New biological approaches redirecting disease treatment
New biological approaches are increasingly becoming an alternative to small drug molecules in medical treatment of diseases. Varun Kesherwani takes a look at how one such genetic therapy — the ShRNA approach by type II promoter — is opening up doors for complex medical problems.
doi:10.1038/nindia.2013.156 Published online 25 November 2013
The ultimate goal of medical sciences is to treat human ailments by chemical or biological molecules. Scientists have been working for ages to identify the biological mechanisms of diseases and then to treat them using several approaches.
In the last centuries, the focus was mainly on small chemical compounds to target biological systems and fix medical problems. However success for diseases with complex etiology has been pretty less with this approach , .
Cancer is the most significant example of that. These complex medical problems have forced scientists to think in a non-traditional way, close to the biological approach. In the last decades, many biological therapeutic approaches have come forth. However, most of them are isolated in nature and were not tested in a holistic way .
The RNAi approach
Since the discovery of RNAi, it has been an important tool in the study of biological phenomena but its real clinical potential is yet to be studied, mainly its short term nature, efficient delivery and targeted effects . On the other hand, RNAi can be expressed by the promoter and cellular machinery which processes ShRNA expression. This expression relies on the enzyme complex RNA polymerase III (or Pol III).
Most of the cell-specific and tissue-specific promoters are type II promoters. So achieving tissue-specific expression was really challenging. Scientists from the Cold Spring Harbor Laboratory in New York have designed a new way to efficiently express shRNA under the type II promoters. They placed the ShRNA on a microRNA30 (miR30) backbone and could efficiently express it under promoter II. So by identifying any disease specific promoter (type II) and putting these ShRNA under them, one can control the expression of ShRNA in that particular cell and minimise toxicity. In this way, one can overcome the problem of the short term nature of ShRNA and its undesirable expression in non-targeted cells .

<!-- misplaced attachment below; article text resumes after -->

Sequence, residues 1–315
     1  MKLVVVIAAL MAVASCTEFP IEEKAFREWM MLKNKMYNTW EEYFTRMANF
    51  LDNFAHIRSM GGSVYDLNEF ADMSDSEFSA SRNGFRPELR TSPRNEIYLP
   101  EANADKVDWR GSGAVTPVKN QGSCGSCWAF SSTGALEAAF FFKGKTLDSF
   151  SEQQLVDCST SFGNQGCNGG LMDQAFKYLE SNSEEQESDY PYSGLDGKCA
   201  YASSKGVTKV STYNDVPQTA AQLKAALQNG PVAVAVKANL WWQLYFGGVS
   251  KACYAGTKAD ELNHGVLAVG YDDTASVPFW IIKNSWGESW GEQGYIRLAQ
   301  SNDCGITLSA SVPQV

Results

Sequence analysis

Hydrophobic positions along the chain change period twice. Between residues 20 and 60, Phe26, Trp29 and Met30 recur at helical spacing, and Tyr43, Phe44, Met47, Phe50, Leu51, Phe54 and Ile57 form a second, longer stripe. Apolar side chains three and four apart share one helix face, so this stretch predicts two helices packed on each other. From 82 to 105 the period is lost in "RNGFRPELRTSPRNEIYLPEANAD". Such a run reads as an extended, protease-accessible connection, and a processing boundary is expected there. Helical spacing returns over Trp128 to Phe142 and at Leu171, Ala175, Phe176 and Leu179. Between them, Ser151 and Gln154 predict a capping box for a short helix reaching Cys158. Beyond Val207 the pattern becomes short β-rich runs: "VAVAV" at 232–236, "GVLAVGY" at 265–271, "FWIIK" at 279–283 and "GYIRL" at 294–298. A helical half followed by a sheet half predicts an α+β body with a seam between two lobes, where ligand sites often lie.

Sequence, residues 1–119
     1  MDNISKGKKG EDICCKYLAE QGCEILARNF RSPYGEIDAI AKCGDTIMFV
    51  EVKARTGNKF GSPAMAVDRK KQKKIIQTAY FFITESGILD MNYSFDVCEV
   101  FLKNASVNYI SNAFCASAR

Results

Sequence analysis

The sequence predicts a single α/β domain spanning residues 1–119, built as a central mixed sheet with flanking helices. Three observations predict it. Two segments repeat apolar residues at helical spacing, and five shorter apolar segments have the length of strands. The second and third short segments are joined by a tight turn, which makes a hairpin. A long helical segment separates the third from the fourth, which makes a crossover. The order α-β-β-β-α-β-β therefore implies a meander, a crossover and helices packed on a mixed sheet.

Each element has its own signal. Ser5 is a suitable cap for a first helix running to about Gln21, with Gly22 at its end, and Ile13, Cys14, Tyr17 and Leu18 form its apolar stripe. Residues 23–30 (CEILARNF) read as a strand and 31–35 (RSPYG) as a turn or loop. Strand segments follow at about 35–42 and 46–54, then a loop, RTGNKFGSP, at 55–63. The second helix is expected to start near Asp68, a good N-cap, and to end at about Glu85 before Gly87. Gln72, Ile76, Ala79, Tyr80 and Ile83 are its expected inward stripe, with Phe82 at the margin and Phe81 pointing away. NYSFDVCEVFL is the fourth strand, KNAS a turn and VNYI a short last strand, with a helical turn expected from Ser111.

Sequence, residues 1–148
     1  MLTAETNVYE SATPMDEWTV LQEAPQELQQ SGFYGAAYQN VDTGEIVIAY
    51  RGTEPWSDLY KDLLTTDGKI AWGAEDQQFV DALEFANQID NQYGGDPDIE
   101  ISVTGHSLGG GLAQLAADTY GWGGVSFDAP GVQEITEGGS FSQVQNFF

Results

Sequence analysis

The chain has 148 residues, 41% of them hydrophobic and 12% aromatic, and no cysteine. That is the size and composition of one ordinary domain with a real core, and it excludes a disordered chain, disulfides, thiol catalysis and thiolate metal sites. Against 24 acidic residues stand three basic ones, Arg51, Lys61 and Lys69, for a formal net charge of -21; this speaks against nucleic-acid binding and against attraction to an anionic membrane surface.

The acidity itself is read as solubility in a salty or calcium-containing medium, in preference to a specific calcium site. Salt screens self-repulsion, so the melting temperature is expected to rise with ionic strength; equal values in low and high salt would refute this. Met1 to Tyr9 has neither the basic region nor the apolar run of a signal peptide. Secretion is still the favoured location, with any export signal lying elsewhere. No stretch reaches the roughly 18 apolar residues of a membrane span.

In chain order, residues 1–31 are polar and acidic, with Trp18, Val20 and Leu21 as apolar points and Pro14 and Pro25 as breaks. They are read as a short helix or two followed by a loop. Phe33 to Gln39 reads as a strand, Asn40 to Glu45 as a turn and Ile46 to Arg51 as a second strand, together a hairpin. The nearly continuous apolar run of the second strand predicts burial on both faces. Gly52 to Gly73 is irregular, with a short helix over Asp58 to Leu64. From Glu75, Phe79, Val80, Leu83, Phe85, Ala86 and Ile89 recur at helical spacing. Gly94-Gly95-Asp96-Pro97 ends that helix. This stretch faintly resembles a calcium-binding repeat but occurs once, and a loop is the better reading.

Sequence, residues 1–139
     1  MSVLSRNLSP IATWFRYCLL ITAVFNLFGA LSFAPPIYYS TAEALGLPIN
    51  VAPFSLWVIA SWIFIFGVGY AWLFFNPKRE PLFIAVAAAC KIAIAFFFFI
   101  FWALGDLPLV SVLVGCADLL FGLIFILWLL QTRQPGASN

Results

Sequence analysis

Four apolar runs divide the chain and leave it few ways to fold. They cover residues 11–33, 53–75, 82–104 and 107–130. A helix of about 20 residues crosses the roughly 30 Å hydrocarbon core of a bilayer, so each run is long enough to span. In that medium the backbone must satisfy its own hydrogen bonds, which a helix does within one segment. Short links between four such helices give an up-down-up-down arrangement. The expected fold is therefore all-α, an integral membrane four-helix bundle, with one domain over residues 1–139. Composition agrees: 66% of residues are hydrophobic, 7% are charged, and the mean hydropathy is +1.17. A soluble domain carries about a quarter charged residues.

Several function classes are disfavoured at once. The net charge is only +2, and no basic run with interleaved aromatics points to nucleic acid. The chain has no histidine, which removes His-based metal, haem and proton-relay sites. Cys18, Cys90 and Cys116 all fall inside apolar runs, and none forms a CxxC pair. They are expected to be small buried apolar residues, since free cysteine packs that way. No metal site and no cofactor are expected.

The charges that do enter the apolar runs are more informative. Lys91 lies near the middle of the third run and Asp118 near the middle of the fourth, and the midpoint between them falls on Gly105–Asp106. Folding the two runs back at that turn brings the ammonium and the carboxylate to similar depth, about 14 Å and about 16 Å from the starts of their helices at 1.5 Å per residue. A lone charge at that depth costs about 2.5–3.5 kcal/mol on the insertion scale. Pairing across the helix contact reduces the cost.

The classical two-hit hypothesis, which explains the early onset of cancer at multiple sites in the body, suggests that the tumor suppressor gene loses it function and oncogenes gain. Using ShRNA, one can target these oncogenes. By expressing a tumor suppressor protein, it is possible to express two different molecules under tumor specific promoters. ShRNA can be placed in intronic or 3'UTR region of the oncogene. Using this approach, one can express any number of genes and ShRNA under one promoter and/or can add more promoters, ShRNA and genes.
Application in other diseases
This flexibility can be extended to other disease mechanisms. For instance, in infectious diseases one can use a promoter from an infectious organism and downstream of that promoter, express ShRNA to inhibit the expression of vital genes of infectious diseases. In case of HIV, one can take the long terminal repeat (or LTR) promoter and then express ShRNA of any vital gene or other important conserved proteins. These 'molecular arsenals' have to be explored thoroughly for their translational potential by molecular biologists.
This suggested approach has the advantage of combining and manipulating gene therapy-based approaches with disease specific desired outcomes. It is critical to optimize ShRNA for specificity to limit the off-target effects with increase in efficiency as also select a promoter which is specific to the pathological state under study.
Efficient delivery of gene vector has always been a key question for gene therapy. Nanoparticle or adeno-associated virus-based targeted delivery approaches are being developed and have shown efficiency for delivery of gene vector into cells , . There have been various approaches for ShRNA design to minimize off-target effects. In principle, it is feasible to design an efficient molecular therapy which is regulated, specific and has minimum side effects and toxicity. However, the therapeutic utility of this novel approach needs to be clinically tested .
There is a consistent decline in the number of approved chemical drugs every year (perhaps due to the stringent regulation bodies). There are limitations in the chemical space also, which pharmaceutical companies know for decades now . In the light of these drawbacks, it is time to explore newer biological approaches with enhanced flexibility in design and optimization, than the conventional ones.
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